No body part is more vulnerable to exercise-related injuries than the knee joint. But exercising regularly doesn’t have to lead to painful knees. In fact, Stanford’s Arthritis Center compared the knee problems of runners and non-exercisers ages 50 years and older over an eight-year period and found that the exercisers experienced 60 percent fewer knee problems than their sedentary counterparts. In another study, researchers at the Boston University Medical School tracked the development of knee arthritis in older adults for nine years and found that exercisers had no greater or lower risk for developing osteoarthritis of the knees. So while exercising may not delay the progression of osteoarthritis of the knees, it doesn’t appear to accelerate it either.
Other Origins of Knee Pain
Like your shoulder and your hip, your knee is a ball-and-socket joint. It is the largest and most complex joint in your body, held together by strong tendons and ligaments which act like stays and pulleys, allowing the joint to twist, bend, push and withstand the stress of hiking, dancing, playing tennis or just climbing stairs.
In addition to osteoarthritis, knee pain is often a symptom of a biomechanical problem or muscular imbalance in another part of the body. Weak quadriceps muscles combined with tight hamstrings can, for example, lead to an improper tracking of the knee and can even pull the knee cap out of its groove. Knee pain can also be caused by excessive foot pronation (when the arch collapses and the foot rolls too far inward) or tightness in the muscles surrounding the hip joints. Worn or improperly fitting athletic and everyday shoes can further exacerbate a knee problem.
Replacing Worn Out Knee Joints
Severe degeneration of the knee joint usually results from osteoarthritis or repetitive knee trauma/injuries. In either situation, the protective cushioning of cartilage wears away resulting in the painful rubbing of bone against bone. Knee replacement surgery is usually a last resort when pain becomes constant and the ability to function normally is impaired. Exercising both before and after surgery is critical: “ pre -habilitating” your knee prior to surgery makes the post-surgery rehabilitation faster and easier. In both cases, aquatic exercise is particularly beneficial in developing the leg muscles without loading the knee joint.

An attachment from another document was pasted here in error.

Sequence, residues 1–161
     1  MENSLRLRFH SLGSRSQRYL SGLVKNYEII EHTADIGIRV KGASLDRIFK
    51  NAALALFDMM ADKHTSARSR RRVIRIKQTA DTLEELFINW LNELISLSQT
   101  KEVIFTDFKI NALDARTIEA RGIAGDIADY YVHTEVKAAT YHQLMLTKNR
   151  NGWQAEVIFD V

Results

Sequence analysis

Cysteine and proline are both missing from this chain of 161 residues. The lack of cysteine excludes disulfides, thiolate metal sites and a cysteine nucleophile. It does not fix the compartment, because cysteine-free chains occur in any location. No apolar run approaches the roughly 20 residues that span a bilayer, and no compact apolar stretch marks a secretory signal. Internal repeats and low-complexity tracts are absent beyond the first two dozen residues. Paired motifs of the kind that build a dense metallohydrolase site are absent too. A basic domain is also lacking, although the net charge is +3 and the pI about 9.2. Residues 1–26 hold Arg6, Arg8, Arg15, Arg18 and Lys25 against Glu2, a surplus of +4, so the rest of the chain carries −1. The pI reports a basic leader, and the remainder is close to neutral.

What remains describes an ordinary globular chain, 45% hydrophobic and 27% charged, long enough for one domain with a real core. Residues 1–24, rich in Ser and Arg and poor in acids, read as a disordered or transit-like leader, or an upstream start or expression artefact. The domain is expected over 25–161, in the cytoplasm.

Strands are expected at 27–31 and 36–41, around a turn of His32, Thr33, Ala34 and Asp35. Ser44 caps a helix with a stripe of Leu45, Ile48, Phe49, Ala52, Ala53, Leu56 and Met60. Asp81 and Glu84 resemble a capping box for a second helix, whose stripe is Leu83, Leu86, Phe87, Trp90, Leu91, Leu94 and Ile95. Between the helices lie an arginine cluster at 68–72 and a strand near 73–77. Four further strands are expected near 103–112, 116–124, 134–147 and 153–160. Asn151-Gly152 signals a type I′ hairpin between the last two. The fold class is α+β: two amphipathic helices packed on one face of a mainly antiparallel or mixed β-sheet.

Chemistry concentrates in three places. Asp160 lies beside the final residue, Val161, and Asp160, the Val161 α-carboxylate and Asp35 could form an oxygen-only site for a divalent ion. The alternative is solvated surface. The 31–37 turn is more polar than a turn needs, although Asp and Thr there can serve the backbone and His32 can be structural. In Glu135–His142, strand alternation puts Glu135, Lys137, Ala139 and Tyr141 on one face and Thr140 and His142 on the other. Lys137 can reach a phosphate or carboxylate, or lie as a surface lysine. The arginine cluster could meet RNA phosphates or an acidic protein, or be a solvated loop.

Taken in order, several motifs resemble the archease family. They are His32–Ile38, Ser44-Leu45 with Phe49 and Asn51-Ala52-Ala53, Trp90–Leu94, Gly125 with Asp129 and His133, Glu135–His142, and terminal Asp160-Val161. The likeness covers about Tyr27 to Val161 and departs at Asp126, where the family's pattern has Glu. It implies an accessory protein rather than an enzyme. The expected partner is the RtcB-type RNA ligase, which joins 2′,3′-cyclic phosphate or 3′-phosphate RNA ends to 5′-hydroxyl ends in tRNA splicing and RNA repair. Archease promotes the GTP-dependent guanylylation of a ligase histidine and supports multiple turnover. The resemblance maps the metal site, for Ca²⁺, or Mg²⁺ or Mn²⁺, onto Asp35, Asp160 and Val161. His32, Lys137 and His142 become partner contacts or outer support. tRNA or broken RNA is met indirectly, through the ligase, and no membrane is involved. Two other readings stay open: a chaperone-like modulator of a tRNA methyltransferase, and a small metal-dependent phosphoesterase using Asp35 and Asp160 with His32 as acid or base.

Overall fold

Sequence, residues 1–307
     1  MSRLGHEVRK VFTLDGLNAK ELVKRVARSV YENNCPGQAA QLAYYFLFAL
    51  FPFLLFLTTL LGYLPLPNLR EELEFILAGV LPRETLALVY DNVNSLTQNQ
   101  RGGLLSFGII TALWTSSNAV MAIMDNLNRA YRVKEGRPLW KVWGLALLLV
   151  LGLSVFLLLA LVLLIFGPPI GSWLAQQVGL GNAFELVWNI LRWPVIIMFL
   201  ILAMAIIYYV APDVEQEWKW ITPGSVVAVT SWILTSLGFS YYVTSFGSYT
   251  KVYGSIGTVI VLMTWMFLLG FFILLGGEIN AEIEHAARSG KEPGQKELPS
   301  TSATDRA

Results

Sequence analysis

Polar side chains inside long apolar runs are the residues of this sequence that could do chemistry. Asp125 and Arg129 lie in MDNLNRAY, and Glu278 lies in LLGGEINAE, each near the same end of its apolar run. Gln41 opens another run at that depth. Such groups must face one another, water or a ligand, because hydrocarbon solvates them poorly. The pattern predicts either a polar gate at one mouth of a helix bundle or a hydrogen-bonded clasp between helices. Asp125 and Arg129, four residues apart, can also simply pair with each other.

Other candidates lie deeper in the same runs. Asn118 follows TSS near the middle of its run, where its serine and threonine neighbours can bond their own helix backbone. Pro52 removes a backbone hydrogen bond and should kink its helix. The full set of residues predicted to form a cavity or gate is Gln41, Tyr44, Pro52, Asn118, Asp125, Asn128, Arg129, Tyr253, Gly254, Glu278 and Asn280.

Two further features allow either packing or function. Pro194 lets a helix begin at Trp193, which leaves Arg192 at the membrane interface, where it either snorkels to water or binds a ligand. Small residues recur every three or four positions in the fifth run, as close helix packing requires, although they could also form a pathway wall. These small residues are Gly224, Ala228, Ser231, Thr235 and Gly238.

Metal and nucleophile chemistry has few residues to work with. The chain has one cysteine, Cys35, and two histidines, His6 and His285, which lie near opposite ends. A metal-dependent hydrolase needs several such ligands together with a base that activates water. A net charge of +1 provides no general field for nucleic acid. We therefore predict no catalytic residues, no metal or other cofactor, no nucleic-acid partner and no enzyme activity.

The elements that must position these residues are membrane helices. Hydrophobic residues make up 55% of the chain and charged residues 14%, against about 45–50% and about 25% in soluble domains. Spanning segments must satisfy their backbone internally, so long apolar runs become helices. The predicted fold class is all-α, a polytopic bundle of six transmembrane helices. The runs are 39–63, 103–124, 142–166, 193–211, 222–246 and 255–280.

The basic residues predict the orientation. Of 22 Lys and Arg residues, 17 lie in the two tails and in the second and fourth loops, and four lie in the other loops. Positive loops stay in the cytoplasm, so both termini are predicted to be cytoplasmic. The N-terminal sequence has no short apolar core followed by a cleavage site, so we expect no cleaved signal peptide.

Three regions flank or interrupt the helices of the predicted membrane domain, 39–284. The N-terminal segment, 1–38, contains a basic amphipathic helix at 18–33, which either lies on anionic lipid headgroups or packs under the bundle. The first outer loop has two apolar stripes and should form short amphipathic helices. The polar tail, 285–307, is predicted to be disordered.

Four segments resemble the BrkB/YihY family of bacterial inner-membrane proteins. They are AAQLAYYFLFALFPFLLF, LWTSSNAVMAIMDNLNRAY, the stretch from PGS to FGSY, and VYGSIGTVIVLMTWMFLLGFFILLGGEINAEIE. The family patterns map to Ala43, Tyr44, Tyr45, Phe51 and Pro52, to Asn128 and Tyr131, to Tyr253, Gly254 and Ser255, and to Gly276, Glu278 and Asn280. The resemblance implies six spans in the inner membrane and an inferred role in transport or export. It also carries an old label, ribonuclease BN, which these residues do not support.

“Tom” came to me three months prior to his scheduled knee replacement. We worked hard in the pool to prepare him for the surgery, specifically focusing on building the strength and increasing the flexibility of his quadriceps and hamstring muscles. Because of the aquatic “prehab” he did prior to surgery, Tom breezed through the knee replacement and was the star of his post-surgery physical therapy class with his very impressive range of motion. For more information on aquatic prehab and rehab, please visit the aquatic therapy/training page on my website at www.bewellcoaching.com.
Strengthen Those Leg Muscles!
Speaking of exercise - “weak in the knees” is more than just an expression. Rehabilitating sore knees and preventing future problems requires strengthening and stretching the muscles and tendons surrounding the knees. When the quadriceps, hamstrings and gastrocnemius muscles are weak and/or tight, the knee joint receives the brunt of the force with weight-bearing exercise or activity. Exercises such as wall or chair squats, seated leg lifts and even stair climbing strengthen the leg muscles so they can provide shock absorption for the knee joint.
Note that knee pain can result from a sudden increase in exercise. Give your knees time to adjust to a new activity level by gradually increasing the duration and intensity of your workouts and by scheduling rest days in between. Also, make sure you have the proper adjustments when using exercise equipment. For example, a bicycle seat that’s positioned too high or low or too far forward or backward puts additional stress on the knee joint. Bottom line: exercising intelligently doesn’t increase your risk for knee problems, but being sedentary does.